3d-explosionIf songwriting was easy, everybody would be able to do it.

But it ain’t easy. In fact, it’s very very hard.

In my experience, one of the strangest things about songwriting is that it always feels difficult, no matter how long you’ve been doing it. Yes, you do get better at it, but every songwriter will tell you it’s still a baffling thing to pursue. Songs are elusive!

Over time, however, you do discover “tricks” – things to help you take more risks or work through mental blocks. One of my favorite songwriting tricks is doings VERSE EXPLOSIONS.

There’s probably a much better name for this exercise, but VERSE EXPLOSION is what I’ve always called them.It’s also very likely that this is something every songwriter knows, but for me, it’s been a huge benefit. Let’s hit the what, how and why of this songwriting trick.

A verse explosion is a refinement exercise, not a concept creation. Meaning, you do verse explosions when you “know” what the verse needs to communicate but can’t quite get the words to make it happen.

A verse explosion is multiples of the same verse. You sit down with a notepad or device and you try to write lots of versions of the verse in question. It’s equivalent to a brainstorming session – you’re trying to work out all the angles on a particular verse.

I know what you’re thinking: “Todd, if I couldn’t finish one verse, how the heck am I going to write seven of them in a row?”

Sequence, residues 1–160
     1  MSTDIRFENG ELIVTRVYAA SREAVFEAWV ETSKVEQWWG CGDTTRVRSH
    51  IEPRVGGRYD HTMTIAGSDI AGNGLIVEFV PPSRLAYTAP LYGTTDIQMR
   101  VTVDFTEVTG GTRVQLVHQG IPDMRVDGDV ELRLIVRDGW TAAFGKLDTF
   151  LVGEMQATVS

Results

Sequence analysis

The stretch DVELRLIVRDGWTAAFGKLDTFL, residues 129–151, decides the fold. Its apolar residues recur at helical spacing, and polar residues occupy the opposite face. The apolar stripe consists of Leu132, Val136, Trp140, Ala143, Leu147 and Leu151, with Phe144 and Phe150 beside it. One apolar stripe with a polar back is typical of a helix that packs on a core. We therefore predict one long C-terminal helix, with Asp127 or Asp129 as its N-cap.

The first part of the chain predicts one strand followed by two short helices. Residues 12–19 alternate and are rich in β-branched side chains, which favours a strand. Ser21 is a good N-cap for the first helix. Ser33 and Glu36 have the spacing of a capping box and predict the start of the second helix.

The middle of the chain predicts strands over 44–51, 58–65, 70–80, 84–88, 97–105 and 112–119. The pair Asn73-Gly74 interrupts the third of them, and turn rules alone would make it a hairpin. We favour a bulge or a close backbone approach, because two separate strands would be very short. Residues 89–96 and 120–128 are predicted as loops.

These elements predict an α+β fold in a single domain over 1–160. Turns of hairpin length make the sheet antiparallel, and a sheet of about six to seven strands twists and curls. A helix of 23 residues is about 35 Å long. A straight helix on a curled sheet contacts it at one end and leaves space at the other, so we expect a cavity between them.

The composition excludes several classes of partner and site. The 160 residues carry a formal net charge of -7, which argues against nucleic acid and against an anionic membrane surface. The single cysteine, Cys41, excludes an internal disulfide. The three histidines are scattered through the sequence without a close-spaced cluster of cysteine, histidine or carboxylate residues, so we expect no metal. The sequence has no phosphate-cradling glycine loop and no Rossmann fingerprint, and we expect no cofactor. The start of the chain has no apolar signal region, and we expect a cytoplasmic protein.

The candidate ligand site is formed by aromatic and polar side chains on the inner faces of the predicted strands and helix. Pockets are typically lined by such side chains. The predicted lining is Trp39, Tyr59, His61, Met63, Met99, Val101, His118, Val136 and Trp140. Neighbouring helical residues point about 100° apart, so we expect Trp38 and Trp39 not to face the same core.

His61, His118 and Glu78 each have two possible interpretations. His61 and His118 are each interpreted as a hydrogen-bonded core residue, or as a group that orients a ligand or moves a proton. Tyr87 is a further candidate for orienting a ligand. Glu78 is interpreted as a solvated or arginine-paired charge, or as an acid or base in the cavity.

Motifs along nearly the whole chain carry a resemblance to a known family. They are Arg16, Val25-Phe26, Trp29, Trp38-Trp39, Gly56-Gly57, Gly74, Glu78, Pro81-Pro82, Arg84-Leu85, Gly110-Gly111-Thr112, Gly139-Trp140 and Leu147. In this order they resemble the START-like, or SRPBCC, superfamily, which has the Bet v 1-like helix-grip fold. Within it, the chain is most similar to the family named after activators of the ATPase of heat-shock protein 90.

It’s not as difficult as it sounds, primarily because the process allows you to slowly expand the lyrical content. Doing this exercise isn’t done at your instrument – it’s purely a writing exercise that’s fueled by your thoughts, not groove or melody. (To be fair, you’ll have to tweak once you pick your instrument back up, but that’s the fun part!)

For your first verse explosion, keep a lot of what you originally started with. If there are two lines you like from your original idea, keep ’em and try putting some additional lines with those original lyrics.

For your second explosion, see if any of the new lines you just added spark an idea. Start a new verse with one of those new lines. Keep mining verses for “jumping off points” where you can approach the concepts in a new verse approach.

After you’ve got 4 or 5 verse explosions, see how far you’ve wandered conceptually. If your fifth attempt is still in sync with what you’re trying to say in the first try, that’s confirmation that you’re idea is still solid and that you’re working out the poetry. (However, if you’re other tries have taken the verse in a new direction, you might just have stumbled on a better concept overall!)

There are two reasons to try this exercise. First, your lyrics get more and more refined. With each version of the verse, you’re discarding words that aren’t working. You’re boiling the idea down and jettisoning those lyrics that don’t support the idea. In essence, it’s doing the “re-write” first.

Secondly, it’s encouraging. With each verse attempt, you’re seeing how many different ways you can say things. It opens up songwriting – suddenly you see how many different ways you can say the same thing. It adds freshness to what you’re writing.

So, the next time you hit a writing block, start exploding! That’s what I do!


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